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VLDL Induced Modulation of Nitric Oxide Signalling and Cell Redox Homeostasis in HUVEC.

1. Introduction

Atherosclerosis, one of the principal causes of morbidity and mortality in occidental countries, is a disease affecting large and medium-sized muscular arteries, characterised by endothelial dysfunction and vascular inflammation [1-3]. Dyslipidaemia, and in particular, the increased concentration of cholesterol esters and low-density lipoproteins (LDL) at the arterial intima surface, has long been recognised as a major proatherogenic factor [4] potentially more dangerous for the vessels upon increasing the lipid oxidation level [5-8]. Not only the LDL but also the very-low-density lipoproteins (VLDL), the physiological precursors of the LDL, might share the responsibility of the onset and builds up of the atherosclerotic plaques [9]. The implication in the atherosclerotic lesion of VLDL can be indirect, since the more elevated the VLDL concentration, the higher the LDL accumulation, but also direct due to the straight molecular interactions with the arterial cell components, membranes, and receptors [10, 11].

Evidence has been collected suggesting that, as reported for the LDL [5], also the oxidation of VLDL triggers a cascade of proatherogenic and proinflammatory cell responses [12]. These include lipoprotein retention in the arterial wall and recruitment of macrophages at the vessel level; under these conditions, foam cells are formed and eventually the atherosclerotic plaque builds up [13, 14].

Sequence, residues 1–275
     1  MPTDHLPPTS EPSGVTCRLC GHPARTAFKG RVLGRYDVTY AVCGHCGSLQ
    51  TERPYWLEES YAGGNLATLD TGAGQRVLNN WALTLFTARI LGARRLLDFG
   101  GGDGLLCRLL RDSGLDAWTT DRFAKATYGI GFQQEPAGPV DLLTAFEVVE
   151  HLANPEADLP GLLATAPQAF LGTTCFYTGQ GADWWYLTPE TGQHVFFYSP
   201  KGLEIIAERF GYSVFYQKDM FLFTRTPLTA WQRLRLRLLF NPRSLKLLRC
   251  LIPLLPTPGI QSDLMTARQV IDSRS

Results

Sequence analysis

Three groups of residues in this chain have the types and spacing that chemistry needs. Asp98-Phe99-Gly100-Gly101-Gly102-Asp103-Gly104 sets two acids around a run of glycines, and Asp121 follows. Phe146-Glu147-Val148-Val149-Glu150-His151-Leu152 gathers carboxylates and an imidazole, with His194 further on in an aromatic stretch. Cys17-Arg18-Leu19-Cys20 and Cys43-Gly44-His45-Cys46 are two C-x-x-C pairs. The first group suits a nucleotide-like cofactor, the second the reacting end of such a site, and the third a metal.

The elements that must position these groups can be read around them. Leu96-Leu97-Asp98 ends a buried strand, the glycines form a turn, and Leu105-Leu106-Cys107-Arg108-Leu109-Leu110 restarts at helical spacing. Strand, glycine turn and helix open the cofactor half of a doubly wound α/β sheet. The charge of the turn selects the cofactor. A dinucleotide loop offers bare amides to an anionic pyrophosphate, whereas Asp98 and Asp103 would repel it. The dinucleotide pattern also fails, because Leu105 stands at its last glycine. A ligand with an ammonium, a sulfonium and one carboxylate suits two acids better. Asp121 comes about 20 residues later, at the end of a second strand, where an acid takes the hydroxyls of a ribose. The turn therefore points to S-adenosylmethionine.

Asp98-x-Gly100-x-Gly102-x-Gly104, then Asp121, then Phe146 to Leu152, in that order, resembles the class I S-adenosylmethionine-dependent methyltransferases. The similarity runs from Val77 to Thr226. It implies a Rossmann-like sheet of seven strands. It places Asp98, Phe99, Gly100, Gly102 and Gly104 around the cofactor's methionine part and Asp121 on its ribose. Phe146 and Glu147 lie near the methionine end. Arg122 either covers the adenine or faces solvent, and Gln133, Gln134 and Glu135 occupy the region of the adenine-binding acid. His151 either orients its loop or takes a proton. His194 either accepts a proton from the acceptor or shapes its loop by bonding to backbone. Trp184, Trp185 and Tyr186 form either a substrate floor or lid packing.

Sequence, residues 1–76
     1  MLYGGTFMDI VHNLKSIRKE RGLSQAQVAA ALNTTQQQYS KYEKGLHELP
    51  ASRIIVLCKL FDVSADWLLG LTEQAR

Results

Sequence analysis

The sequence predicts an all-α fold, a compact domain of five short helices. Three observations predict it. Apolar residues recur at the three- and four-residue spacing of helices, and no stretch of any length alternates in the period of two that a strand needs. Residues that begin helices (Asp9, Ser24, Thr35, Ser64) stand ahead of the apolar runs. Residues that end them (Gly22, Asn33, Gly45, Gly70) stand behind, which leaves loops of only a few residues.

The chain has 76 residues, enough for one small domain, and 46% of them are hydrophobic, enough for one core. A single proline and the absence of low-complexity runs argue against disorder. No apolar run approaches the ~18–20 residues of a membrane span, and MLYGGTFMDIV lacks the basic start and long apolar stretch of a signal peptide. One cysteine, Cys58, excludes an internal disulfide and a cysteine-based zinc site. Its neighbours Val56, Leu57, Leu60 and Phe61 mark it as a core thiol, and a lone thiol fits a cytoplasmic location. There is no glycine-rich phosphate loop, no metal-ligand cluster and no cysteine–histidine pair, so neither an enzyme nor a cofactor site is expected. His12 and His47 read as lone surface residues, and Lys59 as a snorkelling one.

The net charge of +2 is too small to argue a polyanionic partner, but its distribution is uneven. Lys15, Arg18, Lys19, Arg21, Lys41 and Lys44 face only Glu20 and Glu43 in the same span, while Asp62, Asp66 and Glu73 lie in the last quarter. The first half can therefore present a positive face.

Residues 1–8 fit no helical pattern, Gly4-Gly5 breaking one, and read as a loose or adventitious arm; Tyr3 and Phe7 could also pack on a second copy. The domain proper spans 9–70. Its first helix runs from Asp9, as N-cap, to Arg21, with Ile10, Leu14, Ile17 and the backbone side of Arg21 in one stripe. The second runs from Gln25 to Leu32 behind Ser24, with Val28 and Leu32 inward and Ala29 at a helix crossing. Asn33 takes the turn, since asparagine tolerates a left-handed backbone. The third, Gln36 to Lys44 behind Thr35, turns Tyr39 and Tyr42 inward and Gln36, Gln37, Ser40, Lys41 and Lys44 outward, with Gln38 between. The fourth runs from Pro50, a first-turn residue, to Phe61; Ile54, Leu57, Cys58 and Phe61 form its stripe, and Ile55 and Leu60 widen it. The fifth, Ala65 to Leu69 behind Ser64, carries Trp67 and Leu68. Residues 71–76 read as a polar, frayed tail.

Interestingly, while the role of LDL and their redox state in the atherogenesis have been both intensively studied [15-18], the experimental evidence supporting the direct involvement of VLDL, native or oxidized, in the onset and development of atherosclerosis is still limited.

Previous reports have shown an increased production of reactive oxygen species (ROS) by mitochondria, accumulation of mitochondrial DNA damage, and progressive respiratory chain dysfunction associated with atherosclerosis

[19-23]. A growing body of evidence suggests that alterations of the nitric oxide (NO) synthesis may be involved with this disease [18,24,25].

As a gaseous cell messenger, NO regulates several pathways both in prokaryotes and in eukaryotes [18, 26-29], including the modulation of cell energetic through the interaction with electron transport chain proteins [30-32]. Very relevant to cardiovascular diseases, the NO generated by endothelial cells plays a crucial role in the blood pressure control via relaxation of the vessel muscular smooth muscle cells [33].